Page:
The property is bordered on the east by Second Avenue, a residential street sixty feet wide, and on the west by Sixteenth Street Extended, a State highway one hundred twenty feet wide. This tract formerly was part of a larger parcel in a moderately sloping valley, but by reason of the construction of Sixteenth Street by the State Roads Commission in 1958 the parcel was split into two tracts, the one here involved being the eastern one. The construction brought about a difference in elevation of thirty-four feet at the lowest point of the property to the grade of Sixteenth Street.

The land was put in a single family residential zone when

the County was first zoned in 1928. In 1954 it was again classified single family residential (R-60) under the new comprehensive zoning ordinance and map. In 1957 the Maryland-National Capital Parks and Planning Commission adopted a zoning plan for the "Silver Spring Business District" (as part of the General Plan for the physical development of the Maryland-Washington Regional District), which showed the property as R-60. So did a plan of the "Lyttonsville-Rosemary Hills Area" adopted by the Commission in August 1958.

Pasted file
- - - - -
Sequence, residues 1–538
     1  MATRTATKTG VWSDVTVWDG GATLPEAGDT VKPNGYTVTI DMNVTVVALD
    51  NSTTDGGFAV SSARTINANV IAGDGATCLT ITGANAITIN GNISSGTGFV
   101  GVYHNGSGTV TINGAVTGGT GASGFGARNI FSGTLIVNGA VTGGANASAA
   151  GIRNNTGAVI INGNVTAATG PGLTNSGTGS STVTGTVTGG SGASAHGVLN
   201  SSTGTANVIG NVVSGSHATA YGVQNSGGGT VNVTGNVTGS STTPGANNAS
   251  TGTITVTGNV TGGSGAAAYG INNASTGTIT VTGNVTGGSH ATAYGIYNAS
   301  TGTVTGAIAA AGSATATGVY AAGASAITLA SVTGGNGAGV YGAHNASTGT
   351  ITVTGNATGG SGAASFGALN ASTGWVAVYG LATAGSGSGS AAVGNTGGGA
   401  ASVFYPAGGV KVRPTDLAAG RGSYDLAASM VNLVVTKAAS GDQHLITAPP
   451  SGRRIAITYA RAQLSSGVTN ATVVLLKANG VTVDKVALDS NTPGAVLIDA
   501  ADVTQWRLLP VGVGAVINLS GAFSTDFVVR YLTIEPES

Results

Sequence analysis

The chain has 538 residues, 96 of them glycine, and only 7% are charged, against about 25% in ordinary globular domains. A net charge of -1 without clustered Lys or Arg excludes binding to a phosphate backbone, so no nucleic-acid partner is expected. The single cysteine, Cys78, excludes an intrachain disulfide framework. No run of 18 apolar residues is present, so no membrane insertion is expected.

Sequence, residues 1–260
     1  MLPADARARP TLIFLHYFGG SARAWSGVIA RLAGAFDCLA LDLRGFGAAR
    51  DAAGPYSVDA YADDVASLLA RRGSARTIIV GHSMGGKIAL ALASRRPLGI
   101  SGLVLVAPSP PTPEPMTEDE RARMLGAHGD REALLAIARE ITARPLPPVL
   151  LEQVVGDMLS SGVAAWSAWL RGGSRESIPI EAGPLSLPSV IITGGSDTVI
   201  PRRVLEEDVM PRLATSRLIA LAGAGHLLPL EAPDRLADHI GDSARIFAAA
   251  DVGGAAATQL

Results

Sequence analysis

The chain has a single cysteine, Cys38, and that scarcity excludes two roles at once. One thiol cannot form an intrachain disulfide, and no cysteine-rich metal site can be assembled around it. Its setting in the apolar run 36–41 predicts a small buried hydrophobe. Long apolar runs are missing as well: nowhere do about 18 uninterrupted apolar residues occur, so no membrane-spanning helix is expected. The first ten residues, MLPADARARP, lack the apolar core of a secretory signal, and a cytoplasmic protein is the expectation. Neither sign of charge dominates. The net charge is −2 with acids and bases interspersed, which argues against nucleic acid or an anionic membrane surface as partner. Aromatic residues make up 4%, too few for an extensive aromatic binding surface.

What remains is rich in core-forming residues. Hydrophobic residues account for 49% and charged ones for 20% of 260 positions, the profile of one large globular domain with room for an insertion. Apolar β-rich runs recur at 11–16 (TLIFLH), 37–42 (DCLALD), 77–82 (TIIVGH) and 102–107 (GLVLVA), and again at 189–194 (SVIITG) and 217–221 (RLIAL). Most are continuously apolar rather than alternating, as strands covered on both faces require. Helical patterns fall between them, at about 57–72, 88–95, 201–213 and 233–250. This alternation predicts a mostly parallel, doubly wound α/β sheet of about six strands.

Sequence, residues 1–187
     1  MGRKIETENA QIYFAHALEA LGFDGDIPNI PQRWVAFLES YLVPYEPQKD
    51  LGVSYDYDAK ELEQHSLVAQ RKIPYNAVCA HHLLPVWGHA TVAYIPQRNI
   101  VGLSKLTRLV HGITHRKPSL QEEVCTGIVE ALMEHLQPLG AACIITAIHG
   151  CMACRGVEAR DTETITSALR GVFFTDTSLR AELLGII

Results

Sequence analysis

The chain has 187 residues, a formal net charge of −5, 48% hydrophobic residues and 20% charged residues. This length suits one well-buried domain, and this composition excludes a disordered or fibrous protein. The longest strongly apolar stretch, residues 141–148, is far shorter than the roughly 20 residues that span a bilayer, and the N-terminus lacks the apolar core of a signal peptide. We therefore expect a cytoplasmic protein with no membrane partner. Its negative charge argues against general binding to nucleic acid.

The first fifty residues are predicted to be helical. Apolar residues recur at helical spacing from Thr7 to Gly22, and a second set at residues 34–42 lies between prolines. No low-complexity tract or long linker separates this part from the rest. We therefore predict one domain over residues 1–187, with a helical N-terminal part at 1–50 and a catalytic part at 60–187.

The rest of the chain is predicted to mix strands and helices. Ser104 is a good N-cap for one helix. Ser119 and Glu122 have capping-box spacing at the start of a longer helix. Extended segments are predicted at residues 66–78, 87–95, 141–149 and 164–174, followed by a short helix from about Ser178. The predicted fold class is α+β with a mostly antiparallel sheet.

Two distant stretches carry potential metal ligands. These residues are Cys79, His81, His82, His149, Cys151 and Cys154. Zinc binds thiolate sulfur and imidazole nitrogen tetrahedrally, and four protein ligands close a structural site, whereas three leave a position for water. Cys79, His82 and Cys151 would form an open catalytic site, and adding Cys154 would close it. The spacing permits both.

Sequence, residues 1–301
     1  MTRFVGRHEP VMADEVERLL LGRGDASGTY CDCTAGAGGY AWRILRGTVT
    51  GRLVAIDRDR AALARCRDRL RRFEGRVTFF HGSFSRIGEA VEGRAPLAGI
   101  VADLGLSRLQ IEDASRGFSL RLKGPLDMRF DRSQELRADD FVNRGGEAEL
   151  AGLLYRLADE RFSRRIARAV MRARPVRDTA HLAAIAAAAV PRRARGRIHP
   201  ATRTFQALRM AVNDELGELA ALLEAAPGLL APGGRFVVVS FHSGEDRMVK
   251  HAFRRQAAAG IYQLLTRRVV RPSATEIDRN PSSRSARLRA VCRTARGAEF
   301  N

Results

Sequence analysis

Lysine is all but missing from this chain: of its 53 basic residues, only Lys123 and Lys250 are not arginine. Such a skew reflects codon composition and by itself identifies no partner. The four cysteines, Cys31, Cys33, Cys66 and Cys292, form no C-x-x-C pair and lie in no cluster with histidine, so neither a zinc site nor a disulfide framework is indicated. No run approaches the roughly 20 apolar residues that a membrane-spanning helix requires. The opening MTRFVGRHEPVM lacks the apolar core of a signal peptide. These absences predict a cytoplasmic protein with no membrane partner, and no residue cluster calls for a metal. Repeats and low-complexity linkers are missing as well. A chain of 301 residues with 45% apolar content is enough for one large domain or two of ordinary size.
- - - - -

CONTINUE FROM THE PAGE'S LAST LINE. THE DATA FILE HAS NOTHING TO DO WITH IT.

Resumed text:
In 1960 the appellants, who were contract purchasers of the property (contingent upon the desired rezoning), requested the County Council to change the classification of the tract from R-60 to R-10, a high density multi-family zone.*fn1